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Subway dancers sound off over crackdown
Subway dancers and crooners getting fined and arrested want the NYPD to lay off their transit show.
Several performers rallied at City Hall Tuesday against the NYPD's Broken Windows theory of policing that in the 1990s nabbed fare jumpers and vandals, but has since targeted performers and peddlers. Andrew Saunders, a LiteFeet dancer who performs under the name Goofy with a crew called The WAFFLE, said train performers have been targeted as their numbers have grown.
Saunders, 20, said he was arrested in 2013 and got a $100 fine for dancing on a train at Union Square but no longer performs in subways because he has moved on to other venues. He also wants to avoid getting arrested again.
"We've been getting arrested and hassled but our idea was to get off the train," he said.
He wants dancers to take their moves to station platforms and mezzanines, though he is skeptical they would be left alone.
"That's why I don't even want do it on the platform," he said. "I don't want to risk it because they don't read the rules."
The MTA deferred questions to the NYPD, which did not respond to request for comment.
The NYPD officials have been cracking down on subway performers this year, with 246 arrests of dancers as of late June; a special operation force that directly responds to rider complaints made 56 of those arrests.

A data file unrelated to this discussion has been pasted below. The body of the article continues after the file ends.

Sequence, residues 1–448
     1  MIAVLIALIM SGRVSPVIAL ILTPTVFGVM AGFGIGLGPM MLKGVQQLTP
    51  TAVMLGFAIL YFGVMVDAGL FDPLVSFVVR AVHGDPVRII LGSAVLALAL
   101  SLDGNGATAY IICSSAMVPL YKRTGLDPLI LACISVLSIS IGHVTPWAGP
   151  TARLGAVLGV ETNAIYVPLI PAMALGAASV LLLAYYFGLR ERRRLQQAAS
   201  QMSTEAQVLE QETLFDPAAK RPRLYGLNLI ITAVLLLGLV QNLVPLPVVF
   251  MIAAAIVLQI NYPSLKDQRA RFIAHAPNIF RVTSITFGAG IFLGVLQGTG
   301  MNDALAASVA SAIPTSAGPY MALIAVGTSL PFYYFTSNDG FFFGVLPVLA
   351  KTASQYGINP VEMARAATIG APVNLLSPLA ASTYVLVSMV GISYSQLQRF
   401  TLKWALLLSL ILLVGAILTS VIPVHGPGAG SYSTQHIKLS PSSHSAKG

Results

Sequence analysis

Busking for donations without amplification on platforms is allowed, but transit rules do prohibit "conduct which may cause or tend to cause annoyance, alarm or inconvenience to a reasonable person" and blocking use of the system.
Matthew Christian of BuskNY, a performer advocacy group, said performers who abide by the rules and out of the way of riders still get snagged. Christian was arrested in June 2011 for playing his violin in a Spring Street subway station.
"This rule, which has existed since 1985, is not well known in New York," he said.
Performers who do get arrested in the subway system can face a similar fate for other infractions because anyone arrested there are ineligible for a summons.
Daniel Siciliano, a 23-year-old Bronx resident who performs with a crew called 2Live, said he worries about being arrested again for something minor. He said he spent three days in central booking two weeks ago that resulted in a $250 fine and a day of community service for dancing on the No. 4 train.
"I can be on the train doing something else, and they can just snatch me up, take my name for not even doing anything," he said. "Just put me through the system because I'm a transit recidivist."